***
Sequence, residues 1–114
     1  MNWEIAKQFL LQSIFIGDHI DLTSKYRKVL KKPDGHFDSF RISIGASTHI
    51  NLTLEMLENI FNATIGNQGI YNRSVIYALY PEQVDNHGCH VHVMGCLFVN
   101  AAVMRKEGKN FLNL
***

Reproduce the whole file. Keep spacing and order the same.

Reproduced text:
Sequence, residues 1–114
     1  MNWEIAKQFL LQSIFIGDHI DLTSKYRKVL KKPDGHFDSF RISIGASTHI
    51  NLTLEMLENI FNATIGNQGI YNRSVIYALY PEQVDNHGCH VHVMGCLFVN
   101  AAVMRKEGKN FLNL